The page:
Tougher punishment for poachers

There’s a saying that in Idaho you get two paychecks.

The first one may not be big, but the second arrives at five o’clock when people step away from the trailhead and disappear for a while.

When poachers poach, they steal our second paychecks. Thankfully, poachers soon will get whacked a little harder.

Under new state legislation that takes effect July 1, flagrant offenses like night-hunting or selling parts of poached animals will be punished more harshly. An additional $5,000 civil penalty for poaching an elk that qualifies as a trophy animal will be tacked on to criminal fines.

It’s about time. Judges will now have better tools to punish poachers and deter others who may be tempted to take a shot at a magnificent animal out of season. Judges need to use the fines the Legislature has given them. Poachers have gotten off too easily for too long.

In Fifth District Court Monday, a local man was sentenced to 60 days jail time with release for work, $3,300 in fines and supervised probation after pleading guilty to three poaching offenses. He was forced to forfeit his rifle and cannot buy a hunting license for nine years.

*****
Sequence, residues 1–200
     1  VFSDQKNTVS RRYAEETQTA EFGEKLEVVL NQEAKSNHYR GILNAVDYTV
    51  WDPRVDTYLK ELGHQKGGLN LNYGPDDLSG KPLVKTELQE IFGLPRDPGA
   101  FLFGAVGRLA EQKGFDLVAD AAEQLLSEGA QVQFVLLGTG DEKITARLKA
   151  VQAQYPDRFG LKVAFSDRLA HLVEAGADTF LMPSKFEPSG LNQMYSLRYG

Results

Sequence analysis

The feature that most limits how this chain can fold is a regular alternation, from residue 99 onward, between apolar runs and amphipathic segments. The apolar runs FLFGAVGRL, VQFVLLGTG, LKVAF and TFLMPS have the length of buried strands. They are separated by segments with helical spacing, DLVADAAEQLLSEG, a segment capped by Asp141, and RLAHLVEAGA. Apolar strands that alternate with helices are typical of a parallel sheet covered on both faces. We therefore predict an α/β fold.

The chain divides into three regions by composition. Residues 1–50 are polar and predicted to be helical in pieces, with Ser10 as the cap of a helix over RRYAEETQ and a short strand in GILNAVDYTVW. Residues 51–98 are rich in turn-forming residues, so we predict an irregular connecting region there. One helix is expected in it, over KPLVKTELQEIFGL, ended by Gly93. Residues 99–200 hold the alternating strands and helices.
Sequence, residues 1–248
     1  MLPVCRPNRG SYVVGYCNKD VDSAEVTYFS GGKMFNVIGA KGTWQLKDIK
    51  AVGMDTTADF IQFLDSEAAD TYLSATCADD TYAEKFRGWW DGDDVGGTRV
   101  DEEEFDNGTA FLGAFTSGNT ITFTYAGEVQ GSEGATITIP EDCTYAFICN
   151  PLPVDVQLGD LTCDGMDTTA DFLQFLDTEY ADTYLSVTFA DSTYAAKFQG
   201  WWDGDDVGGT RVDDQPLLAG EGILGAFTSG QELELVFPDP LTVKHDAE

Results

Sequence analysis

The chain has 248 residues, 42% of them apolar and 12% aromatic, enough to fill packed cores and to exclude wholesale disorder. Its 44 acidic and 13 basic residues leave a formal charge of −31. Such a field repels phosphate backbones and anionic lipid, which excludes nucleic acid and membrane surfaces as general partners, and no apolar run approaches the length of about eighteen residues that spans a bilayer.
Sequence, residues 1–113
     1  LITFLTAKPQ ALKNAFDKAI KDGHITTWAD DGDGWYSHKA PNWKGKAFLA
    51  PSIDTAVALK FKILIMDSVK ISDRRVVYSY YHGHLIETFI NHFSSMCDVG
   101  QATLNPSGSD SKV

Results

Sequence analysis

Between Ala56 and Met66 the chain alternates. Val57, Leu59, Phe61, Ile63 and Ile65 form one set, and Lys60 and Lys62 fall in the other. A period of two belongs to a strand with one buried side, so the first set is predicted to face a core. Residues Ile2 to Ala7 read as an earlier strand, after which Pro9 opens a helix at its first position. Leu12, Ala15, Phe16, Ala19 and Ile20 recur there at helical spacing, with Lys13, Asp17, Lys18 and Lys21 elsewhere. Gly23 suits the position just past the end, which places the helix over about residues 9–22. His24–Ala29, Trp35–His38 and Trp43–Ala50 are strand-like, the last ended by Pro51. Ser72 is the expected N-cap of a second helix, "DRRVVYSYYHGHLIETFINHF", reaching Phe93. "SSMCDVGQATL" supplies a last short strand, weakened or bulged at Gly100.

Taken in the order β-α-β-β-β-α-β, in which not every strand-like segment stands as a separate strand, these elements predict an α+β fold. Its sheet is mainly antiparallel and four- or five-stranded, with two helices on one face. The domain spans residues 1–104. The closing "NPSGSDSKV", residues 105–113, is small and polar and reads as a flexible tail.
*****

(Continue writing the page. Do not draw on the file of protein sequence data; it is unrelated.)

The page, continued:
Was that enough? We don’t think so. The court should have forbidden him from buying a hunting license forever.

According to Idaho Fish and Game conservation officers, the man allegedly shot a large bull elk on Bennett Mountain, cut off the head and left the carcass in a bog.

They also connected him to two illegal deer racks, one still covered in velvet.

He had no hunting license or tags when the elk was killed, according to officials. The Bennett Mountain incident occurred before the season opened in a controlled hunting area.

About 1,600 hunters applied to hunt in that unit in Elmore County. Only about 115 got tags. They followed the rules. The poacher deprived them of the chance to encounter the animals he slaughtered. He wasted the animal’s meat and hide.

Idaho’s wildlife sets it apart from crowded places like New Jersey. The only thing preventing wholesale slaughter of the state’s wildlife are game laws and certain punishment for violations.

The value of big game animals, like the value of an unspoiled canyon is intangible. Yet each time a poacher gets away with wasting an animal, Idahoans’ second paychecks are worth less. The penalties for stealing those paychecks should be stiff. Or, Idahoans might as well be choking on bus exhaust in New Jersey.


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